Friday, September 12, 2008

A Theology of the Body

"From him the whole body, joined and held together by every supporting ligament, grows and builds itself up in love, as each part does its work." Ephesians 4:16

For about two years I have considered writing a series of stories that deal with illnesses and the body. I use this term with hesitation and hope that at some point a better name will come to mind, as a key set of teachings from Pope John Paul II is called the Theology of the Body (and you can read more about it here). While the issues he discussed are more focused on matters of love and marriage, the notion of body permeates his thoughts. His message to the world is far more important than my own reflections, but nonetheless my mind is also drawn to the body from a different angle.

For those of you who do not know me so well, my work has involved considering the body on a genetic level, with a hope that our findings would shed light on why we have various illnesses, so that one day they may be better treated. In studying biology for the past 12 years, I am in many ways fulfilling my childhood wish of understanding what goes wrong when people we love get sick.

Thinking of the verse quoted at the top of this post, it is clear to me that the things which wound the Church as the Body of Christ may be better understood if we better understand what goes wrong in a physical body plagued by various diseases.

So here is the outline for these stories. Each chapter would begin with a real (or realistic) story about someone with a well-known disease. Starting with how one's life is affected by that disease, the story would progress to the level of organs, and then cells, and in some cases understanding what some molecules do to cause illness (without being fully reductionistic, of course). What I think emerges from such reflection is a clearer sense of the problems that we face not only as humans, but as members of one body in Christ.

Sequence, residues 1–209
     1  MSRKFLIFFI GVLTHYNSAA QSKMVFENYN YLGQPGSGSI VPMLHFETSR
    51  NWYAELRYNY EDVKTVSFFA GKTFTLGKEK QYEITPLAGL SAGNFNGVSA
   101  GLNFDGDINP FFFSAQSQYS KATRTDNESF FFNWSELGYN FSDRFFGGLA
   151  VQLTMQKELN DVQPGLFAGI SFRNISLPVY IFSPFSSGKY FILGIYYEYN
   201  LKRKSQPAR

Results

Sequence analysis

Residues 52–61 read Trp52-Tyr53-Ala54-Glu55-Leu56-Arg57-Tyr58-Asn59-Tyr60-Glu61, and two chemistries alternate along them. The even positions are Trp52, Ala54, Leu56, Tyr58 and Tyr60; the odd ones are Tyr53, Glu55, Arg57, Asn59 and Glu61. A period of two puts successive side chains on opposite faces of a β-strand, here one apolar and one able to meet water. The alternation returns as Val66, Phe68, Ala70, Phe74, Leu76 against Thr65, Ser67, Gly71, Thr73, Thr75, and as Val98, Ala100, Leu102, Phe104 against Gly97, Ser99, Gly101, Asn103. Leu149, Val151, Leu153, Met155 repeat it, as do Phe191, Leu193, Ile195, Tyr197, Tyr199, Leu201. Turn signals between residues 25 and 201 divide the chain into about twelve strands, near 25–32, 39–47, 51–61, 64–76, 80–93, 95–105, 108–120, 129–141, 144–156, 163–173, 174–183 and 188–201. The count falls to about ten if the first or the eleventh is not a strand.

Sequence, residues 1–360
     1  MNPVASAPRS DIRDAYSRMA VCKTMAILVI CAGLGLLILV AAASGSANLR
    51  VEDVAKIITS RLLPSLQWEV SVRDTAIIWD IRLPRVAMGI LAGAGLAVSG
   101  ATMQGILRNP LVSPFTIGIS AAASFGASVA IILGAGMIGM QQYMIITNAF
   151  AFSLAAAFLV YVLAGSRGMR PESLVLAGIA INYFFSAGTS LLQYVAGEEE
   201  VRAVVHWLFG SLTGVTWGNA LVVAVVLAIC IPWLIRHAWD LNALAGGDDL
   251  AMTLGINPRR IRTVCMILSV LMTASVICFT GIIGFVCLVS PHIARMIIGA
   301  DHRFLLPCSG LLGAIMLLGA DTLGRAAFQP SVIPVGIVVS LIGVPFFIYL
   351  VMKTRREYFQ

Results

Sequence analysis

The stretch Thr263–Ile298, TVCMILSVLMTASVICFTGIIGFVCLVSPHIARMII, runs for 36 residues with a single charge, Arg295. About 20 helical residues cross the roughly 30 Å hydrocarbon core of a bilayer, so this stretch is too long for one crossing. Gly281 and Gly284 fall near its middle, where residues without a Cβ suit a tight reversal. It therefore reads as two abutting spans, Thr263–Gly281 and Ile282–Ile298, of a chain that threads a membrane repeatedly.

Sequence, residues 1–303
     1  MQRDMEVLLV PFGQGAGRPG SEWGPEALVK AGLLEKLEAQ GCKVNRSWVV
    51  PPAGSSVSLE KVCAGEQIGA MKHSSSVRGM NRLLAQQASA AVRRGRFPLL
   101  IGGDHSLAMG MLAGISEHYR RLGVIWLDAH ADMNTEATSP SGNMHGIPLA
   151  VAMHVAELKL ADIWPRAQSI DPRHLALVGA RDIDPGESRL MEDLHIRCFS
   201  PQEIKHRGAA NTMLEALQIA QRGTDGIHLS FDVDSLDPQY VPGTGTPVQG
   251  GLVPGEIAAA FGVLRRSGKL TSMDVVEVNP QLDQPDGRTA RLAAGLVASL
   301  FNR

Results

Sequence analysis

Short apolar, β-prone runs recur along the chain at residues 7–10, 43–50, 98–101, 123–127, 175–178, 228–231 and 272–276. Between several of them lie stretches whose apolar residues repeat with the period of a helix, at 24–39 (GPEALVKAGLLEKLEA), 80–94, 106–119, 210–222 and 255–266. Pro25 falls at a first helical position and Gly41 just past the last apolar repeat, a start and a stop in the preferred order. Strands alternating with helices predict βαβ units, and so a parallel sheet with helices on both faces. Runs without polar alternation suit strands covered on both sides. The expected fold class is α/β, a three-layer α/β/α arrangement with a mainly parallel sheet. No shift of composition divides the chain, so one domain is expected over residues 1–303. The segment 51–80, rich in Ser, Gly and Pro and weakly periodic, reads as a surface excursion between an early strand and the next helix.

Just as examples, consider these very brief descriptions, and you will begin to see if it wasn't obvious already that there are many parallels between the physical and spiritual bodies that we either have or comprise.

The caveat I would place on this analogy is that, especially as a Catholic, I would never say that the illnesses that the Body of Christ will suffer will actually cause death (Matthew 16). But that we would be very sick is not out of bounds with Church teaching. At the end of the day, I think each of the following illnesses (and more) characterizes various problems that we as Christians have in our life as one body.

1) Neurodegenerative diseases-the body loses an ability to either communicate to various parts, or parts of the storehouse of memories become destroyed or inaccessible to the body as a whole.
2) Cancer-one part of the body grows beyond its normal bounds, eventually invading other territories and damaging those invaded areas.
3) Heart-related illnesses-the body cannot bring nourishment to all locations for many reasons.
4) Immune deficiencies-the body cannot defend against harmful agents.
5) Autoimmunity-the body decides to attack what is not a harmful agent.
6) Malnutrition-the body is lacking in some factor that is needed for health.
7) Obesity-the body has an overabundance of some factor that is needed for health.
8) Liver and Kidney diseases-the body cannot filter and rid itself of waste properly.
9) Digestive issues-the body cannot process the nutrition that it receives.
10) Allergy-the body reacts to things that do not cause illness as though they do cause illness.

Well, 10 is a round number, but I hope you get a glimpse of what I am considering, and would like to know if this interests you. A friend of mine said that there are so few people who are interested in both biology and theology that the double filter will exclude 99.9% of the population. I think that illness is so ubiquitous that this criticism does not apply, but maybe I'm wrong.


foldreformer said...

I disagree with your friend...the book would be like "A Shepard looks at Psalm 23" for biologist. Catered to a Christian community and written for the average person, I think they would eat it up!

Tim A. Troutman said...

It sounds incredibly interesting to me. I would say just go easy on the medical jargon for us laymen.